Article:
Manohar Parrikar Takes Charge Of Goa, Trust Vote Thursday, Says Top Court: 10 Facts

PANAJI:  Manohar Parrikar took oath as the new Chief Minister of Goa today, but he must take a trust vote on Thursday to prove he has a majority, the Supreme Court ruled, in a big setback for the Congress, which was also criticized for its actions by judges. The BJP was invited to form the government in Goa despite winning fewer seats in the election than the Congress. That decision – taken by Governor Mridula Sinha – was challenged by the Congress in court. The Congress won 17 seats in the election; the BJP won 13, but secured the support of small regional parties.


 

Manohar Parrikar Takes Charge Of Goa, Trust Vote Thursday, Says Top Court: 10 Facts

Congress has challenged Manohar Parrikar as Goa Chief Minister; court will decide today (File)

PANAJI:  Manohar Parrikar took oath as the new Chief Minister of Goa today, but he must take a trust vote on Thursday to prove he has a majority, the Supreme Court ruled, in a big setback for the Congress, which was also criticized for its actions by judges. The BJP was invited to form the government in Goa despite winning fewer seats in the election than the Congress. That decision – taken by Governor Mridula Sinha – was challenged by the Congress in court. The Congress won 17 seats in the election; the BJP won 13, but secured the support of small regional parties.
Here are the latest developments in this big political story:
  1. The Congress told the Supreme Court that Governor Sinha’s decision to invite the BJP to form the government is “illegal” and a “blatant unconstitutional action” because the party that won the most seats should get first shot at forming the government.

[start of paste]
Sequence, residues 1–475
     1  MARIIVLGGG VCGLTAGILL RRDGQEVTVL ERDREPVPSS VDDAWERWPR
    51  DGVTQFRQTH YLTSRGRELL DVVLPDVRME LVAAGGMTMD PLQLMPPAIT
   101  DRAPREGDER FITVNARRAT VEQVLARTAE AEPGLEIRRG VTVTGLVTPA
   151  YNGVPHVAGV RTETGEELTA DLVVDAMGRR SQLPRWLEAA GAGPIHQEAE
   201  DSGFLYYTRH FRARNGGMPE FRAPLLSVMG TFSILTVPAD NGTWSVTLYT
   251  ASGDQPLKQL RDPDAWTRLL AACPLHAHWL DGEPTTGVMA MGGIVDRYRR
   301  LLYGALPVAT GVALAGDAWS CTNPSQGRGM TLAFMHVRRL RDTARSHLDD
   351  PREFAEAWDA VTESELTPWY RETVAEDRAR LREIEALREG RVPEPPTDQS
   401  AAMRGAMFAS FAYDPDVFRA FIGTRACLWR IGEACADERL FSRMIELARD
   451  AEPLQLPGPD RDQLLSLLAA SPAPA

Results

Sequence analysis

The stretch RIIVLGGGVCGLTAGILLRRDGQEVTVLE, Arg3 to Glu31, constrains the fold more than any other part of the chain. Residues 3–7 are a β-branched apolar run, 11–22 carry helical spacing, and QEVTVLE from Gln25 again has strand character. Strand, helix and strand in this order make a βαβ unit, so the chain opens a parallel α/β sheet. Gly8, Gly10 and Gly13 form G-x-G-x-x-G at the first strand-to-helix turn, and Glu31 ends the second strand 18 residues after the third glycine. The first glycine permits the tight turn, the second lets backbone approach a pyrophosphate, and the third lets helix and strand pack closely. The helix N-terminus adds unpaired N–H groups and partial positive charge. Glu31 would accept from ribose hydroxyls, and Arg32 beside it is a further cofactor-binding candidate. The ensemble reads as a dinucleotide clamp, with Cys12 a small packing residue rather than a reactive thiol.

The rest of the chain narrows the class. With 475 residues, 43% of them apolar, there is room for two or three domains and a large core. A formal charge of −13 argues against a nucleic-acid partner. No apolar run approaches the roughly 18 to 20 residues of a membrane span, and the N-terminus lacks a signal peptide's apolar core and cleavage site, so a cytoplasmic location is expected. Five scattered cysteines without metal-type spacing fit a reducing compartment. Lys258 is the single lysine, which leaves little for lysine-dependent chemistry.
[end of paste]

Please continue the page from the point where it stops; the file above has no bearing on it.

2. But “the Congress did not even submit a claim to the Governor,” said Finance Minister Arun Jaitley in a blog today.  The Congress disagrees -senior leader Digvijaya Singh said that the Congress wrote to the Governor on Sunday, asking for the chance to prove its majority, but was not granted an appointment.
  3. “If you had the numbers, you would have held a dharna (protest) at the Governor’s house,” the Supreme Court said today, adding that the Congress’ petition to judges also does not evidence that it has the needed support.
  4. Courts are on holiday, but Chief Justice of India JS Khehar and other judges heard the petition on account of its political urgency.
  5. In election results announced on Saturday, the Congress won 17 seats and the BJP was second with 13. Both were short of 21, the minimum number of seats needed in the 40-member Goa assembly to form government.
  6. The BJP moved swiftly to secure the support of regional parties Maharashtrawadi Gomantak Party or MGP and Goa Forward and some Independent legislators and had by Sunday evening met the Governor to stake claim. The new allies had one condition – the BJP’s Manohar Parrikar should be Chief Minister.
  7. Manohar Parrikar said on Monday that he had resigned as Defence Minister in Prime Minister Narendra Modi’s cabinet to return to his home state and to the post he held before he was called to Delhi.
  8. Rahul Gandhi accused the BJP of buying support. “The mandate of the people has been stolen,” he said. Union Minister Nitin Gadkari, who has charge of BJP’s Goa affairs retorted, “The Congress was busy in Goa with five to six candidates claiming leadership. So they did not have time to discuss with alliance partners.”
  9. Several newly-elected Congress MLAs or legislators are livid that the party’s state leadership did not move fast enough to get the support of four legislators that it needed. “It is miserable and horrible…people trusted the Congress and voted for us…we get a clear 17 seats and we still couldn’t manage to form government… we are the laughing stock,” said Jennifer Monserrate, a Congress leader elected from Taleigao (North Goa).
  10. The MLAs have attacked Congress’ Goa in charge Digvijaya Singh alleging mismanagement by “seniors” and have in private compared his efforts of to those of Nitin Gadkari , who began negotiations with smaller parties immediately after election results were announced.


 

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